# How to calculate Fundamental Input Power Factor

I am really confused with the concept of fundamental input factor. What was taught to me in class was the below formula

IPF(Input Power Factor) = IDF(Input Displacement Factor) x CDF (Current Distortion Factor)

Input Displacement Factor was defined by my instructor as the cosine of angle between the phase voltage and line current

So, I tried to apply this 2 things to this problem.

I did the same steps as given in the solution and got Vo = 531.19V and cosu = 0.967. [Here u is the overlap angle]

Now I tried applying the formula taught in the class and got wrong answer. Steps are shown below.

So, source line current (iR) leads the line voltage (vRY) by (0.5u+30). So, it will lead the phase voltage by (0.5u+60).

• I interpret it as fundamental = at line frequency and they want you to find the phase angle at line frequency and ignore the harmonics. – winny Jan 31 '18 at 22:02
• can you please elaborate? I am not able to understand. – Nikhil Kashyap Jan 31 '18 at 22:24
• Look up “line frequency”, “harmonics” and “fundamental frequency” in your favorite search engine. I can explain it to you, but I can’t understand it for you. – winny Jan 31 '18 at 22:27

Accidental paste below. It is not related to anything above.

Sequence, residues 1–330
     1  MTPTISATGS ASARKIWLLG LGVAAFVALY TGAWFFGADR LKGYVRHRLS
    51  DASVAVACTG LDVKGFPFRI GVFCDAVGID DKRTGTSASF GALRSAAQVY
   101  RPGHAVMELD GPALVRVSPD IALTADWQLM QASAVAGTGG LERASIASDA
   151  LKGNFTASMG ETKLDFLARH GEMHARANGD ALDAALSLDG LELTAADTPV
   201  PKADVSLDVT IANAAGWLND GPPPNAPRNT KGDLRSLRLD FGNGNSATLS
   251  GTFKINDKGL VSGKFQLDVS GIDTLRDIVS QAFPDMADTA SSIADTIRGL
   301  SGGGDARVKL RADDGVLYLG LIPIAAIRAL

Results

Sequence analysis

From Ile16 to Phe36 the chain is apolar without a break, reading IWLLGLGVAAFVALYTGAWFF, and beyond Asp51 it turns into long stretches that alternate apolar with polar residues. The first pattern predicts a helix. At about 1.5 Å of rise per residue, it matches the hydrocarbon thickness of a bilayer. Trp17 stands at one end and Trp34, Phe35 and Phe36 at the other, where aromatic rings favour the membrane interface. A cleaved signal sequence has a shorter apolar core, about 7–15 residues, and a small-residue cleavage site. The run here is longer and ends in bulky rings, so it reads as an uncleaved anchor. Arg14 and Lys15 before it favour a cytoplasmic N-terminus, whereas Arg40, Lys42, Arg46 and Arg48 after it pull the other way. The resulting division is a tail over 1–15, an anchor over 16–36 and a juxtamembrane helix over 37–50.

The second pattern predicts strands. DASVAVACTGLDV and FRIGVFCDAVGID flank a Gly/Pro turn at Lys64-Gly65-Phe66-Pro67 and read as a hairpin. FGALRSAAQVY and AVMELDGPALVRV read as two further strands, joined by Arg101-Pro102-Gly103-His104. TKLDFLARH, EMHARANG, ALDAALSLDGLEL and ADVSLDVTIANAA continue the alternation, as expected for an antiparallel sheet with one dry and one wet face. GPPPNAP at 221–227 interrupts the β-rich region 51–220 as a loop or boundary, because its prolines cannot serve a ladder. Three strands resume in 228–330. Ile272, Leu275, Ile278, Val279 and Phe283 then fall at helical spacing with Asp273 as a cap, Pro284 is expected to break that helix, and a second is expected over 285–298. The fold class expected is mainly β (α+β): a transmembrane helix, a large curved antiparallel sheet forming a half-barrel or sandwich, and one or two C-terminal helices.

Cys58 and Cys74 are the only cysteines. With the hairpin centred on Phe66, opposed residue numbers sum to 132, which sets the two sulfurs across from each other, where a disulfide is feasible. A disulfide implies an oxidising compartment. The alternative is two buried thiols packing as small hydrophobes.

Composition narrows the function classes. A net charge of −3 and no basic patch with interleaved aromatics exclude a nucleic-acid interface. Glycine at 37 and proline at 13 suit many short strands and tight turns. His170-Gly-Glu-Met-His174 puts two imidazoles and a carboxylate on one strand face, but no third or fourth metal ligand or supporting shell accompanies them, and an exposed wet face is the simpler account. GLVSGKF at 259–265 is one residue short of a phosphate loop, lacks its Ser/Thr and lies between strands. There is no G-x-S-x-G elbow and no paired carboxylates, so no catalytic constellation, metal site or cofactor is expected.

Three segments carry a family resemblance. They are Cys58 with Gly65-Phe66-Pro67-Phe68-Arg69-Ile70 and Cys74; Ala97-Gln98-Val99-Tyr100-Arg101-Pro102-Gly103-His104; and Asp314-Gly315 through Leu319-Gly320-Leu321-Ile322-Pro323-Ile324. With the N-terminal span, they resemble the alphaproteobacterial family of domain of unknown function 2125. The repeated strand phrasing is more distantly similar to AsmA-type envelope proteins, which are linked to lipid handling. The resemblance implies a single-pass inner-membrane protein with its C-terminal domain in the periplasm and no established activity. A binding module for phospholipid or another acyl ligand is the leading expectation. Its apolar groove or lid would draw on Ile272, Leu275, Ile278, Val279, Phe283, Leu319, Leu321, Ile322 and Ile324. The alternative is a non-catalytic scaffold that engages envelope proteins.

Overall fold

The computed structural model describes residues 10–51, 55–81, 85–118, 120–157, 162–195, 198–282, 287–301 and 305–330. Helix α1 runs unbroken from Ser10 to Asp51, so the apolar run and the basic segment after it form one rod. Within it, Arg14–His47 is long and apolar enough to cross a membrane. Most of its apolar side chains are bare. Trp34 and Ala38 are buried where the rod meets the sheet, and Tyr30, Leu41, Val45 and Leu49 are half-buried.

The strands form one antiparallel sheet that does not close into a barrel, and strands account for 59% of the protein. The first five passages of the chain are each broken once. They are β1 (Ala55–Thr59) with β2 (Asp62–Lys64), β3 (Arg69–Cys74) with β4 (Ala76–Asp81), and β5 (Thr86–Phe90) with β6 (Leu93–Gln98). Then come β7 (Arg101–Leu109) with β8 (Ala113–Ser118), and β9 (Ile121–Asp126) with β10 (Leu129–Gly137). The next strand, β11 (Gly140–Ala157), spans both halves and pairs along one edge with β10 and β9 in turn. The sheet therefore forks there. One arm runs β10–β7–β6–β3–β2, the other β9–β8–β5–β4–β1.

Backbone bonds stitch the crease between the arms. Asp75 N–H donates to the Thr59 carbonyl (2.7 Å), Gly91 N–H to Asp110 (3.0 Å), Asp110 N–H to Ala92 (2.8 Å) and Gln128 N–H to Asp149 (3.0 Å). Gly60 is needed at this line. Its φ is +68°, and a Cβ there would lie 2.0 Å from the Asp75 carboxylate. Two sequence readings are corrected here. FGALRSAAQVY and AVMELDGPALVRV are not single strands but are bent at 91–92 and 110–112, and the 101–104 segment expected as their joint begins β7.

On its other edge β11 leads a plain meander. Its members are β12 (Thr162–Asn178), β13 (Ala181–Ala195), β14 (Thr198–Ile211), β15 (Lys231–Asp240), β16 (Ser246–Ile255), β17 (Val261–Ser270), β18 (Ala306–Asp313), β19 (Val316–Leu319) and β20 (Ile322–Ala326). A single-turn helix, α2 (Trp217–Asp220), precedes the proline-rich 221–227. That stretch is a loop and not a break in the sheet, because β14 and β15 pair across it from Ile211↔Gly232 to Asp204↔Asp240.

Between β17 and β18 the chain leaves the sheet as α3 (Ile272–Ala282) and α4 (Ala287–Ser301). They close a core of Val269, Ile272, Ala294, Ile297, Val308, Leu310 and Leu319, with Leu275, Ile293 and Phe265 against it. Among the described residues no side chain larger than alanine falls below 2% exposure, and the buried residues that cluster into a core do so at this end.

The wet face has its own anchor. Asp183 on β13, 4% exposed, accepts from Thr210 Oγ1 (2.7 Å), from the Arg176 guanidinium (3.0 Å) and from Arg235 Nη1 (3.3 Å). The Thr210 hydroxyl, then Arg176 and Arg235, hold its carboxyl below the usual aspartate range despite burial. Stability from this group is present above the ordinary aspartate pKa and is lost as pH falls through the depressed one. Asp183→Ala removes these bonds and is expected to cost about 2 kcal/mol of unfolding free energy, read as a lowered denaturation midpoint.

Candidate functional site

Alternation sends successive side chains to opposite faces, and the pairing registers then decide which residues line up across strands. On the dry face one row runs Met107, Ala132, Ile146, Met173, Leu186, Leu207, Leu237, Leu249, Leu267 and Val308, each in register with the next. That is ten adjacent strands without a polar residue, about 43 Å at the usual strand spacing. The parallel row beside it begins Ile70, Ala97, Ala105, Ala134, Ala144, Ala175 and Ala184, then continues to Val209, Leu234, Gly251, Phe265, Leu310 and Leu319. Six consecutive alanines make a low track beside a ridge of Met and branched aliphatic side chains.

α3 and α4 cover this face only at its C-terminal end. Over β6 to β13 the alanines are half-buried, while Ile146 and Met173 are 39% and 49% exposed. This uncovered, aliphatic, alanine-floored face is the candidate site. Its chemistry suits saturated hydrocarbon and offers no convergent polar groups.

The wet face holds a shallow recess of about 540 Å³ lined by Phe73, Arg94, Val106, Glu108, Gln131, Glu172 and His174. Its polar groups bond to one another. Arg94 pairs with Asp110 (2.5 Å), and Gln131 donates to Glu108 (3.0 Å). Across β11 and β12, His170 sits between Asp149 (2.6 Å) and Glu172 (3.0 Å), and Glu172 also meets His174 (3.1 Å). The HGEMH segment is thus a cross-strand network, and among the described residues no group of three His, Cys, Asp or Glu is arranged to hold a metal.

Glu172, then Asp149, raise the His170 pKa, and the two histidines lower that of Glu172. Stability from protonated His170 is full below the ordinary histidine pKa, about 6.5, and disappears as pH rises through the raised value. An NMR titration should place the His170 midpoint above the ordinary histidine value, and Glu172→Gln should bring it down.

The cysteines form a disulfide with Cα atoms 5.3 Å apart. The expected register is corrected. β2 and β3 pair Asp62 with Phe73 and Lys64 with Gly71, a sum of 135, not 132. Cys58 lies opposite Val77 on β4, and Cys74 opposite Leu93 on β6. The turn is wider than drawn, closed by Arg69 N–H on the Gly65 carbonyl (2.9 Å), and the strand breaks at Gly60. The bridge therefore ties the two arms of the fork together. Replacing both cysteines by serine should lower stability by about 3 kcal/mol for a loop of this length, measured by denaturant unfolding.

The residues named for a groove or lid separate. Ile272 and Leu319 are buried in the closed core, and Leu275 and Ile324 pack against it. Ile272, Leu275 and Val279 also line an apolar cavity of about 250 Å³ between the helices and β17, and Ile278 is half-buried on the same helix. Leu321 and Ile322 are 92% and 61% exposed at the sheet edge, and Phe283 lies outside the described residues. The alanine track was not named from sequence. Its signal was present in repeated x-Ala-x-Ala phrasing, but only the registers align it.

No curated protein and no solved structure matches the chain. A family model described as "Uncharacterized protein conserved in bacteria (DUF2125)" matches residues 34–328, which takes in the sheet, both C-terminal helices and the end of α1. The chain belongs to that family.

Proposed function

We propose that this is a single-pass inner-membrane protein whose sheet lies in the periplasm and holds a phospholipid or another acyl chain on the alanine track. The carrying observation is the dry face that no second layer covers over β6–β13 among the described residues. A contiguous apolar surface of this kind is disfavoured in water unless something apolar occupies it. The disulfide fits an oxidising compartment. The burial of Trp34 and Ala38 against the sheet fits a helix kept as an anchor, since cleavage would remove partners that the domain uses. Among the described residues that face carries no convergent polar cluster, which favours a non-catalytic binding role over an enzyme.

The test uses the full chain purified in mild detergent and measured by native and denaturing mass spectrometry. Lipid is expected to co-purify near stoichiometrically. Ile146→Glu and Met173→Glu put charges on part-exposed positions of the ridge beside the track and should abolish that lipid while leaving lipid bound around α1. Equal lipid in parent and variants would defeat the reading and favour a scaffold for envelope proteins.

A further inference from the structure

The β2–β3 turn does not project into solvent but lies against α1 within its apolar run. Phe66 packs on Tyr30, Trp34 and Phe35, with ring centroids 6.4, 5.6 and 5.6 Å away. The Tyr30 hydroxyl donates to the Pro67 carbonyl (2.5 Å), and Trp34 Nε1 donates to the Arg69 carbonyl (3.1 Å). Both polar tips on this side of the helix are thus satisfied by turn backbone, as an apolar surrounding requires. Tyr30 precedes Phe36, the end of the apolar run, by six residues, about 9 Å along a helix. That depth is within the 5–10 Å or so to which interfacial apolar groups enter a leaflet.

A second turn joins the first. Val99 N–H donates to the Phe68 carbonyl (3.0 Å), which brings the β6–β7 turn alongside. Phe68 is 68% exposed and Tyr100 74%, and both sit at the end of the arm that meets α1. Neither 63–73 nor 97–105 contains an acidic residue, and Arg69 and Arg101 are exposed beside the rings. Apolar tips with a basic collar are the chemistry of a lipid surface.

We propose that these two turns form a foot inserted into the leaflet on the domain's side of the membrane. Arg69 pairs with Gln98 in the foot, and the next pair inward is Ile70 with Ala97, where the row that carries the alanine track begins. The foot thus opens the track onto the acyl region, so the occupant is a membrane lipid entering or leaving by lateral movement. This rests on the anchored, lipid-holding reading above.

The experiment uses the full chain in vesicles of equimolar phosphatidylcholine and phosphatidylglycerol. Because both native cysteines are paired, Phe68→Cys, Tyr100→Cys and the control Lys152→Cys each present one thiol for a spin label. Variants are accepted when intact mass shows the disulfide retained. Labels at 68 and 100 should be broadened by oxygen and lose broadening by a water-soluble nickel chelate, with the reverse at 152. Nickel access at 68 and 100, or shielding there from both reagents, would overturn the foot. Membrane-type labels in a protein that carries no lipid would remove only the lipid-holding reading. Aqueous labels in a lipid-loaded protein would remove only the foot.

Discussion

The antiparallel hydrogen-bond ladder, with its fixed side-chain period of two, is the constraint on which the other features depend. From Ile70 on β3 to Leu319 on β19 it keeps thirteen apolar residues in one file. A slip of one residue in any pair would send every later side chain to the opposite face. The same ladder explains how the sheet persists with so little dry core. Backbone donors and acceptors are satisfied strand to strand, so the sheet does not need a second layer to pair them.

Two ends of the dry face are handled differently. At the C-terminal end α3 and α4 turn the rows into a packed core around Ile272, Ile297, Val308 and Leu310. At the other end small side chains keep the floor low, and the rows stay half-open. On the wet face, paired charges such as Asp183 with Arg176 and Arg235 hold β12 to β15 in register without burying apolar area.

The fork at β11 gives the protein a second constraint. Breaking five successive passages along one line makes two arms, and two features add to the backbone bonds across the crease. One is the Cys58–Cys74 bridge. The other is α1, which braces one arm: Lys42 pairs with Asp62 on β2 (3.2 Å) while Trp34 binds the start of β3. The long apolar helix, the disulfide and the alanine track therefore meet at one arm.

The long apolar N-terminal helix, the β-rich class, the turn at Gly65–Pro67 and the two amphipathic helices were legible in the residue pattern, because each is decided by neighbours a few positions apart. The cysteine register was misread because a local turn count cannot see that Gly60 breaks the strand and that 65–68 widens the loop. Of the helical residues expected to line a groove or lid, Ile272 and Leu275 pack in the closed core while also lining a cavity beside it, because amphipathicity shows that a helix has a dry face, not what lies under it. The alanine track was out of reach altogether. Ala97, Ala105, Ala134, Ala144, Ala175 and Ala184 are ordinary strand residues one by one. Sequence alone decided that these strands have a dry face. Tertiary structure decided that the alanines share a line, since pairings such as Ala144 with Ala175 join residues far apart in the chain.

• I got it now. You mean to say Apparent Power = Vsrms * Isrms is approximated as Vsrms * Is1rms neglecting harmonics in current waveform right ? – Nikhil Kashyap Jan 31 '18 at 23:50
• Now after some thought I think that to write equation for power factor, he neglected overlap angle and also harmonics in the current waveform. That is just too much assumption !! – Nikhil Kashyap Feb 1 '18 at 0:05

The fundamental or displacement power factor is the real power / (fundamental RMS voltage X fundamental RMS current). It would also be the cos of the angle between the fundamental voltage and current waveforms if you can figure out the angle. The total power factor is the real power / (total RMS voltage X total RMS current). The total rms current and voltage values would include the harmonics. There is a relationship between the distortion factor, fundamental power factor and total power factor. That depends on the definition of distortion factor. I believe there may be more than one definition. The total power factor is often called the true power factor, but I believe that is misleading.

The displacement power factor is also related to he ratio of the DC output voltage to the peak input voltage taking into account the voltage drop across the diodes and the input lone reactors.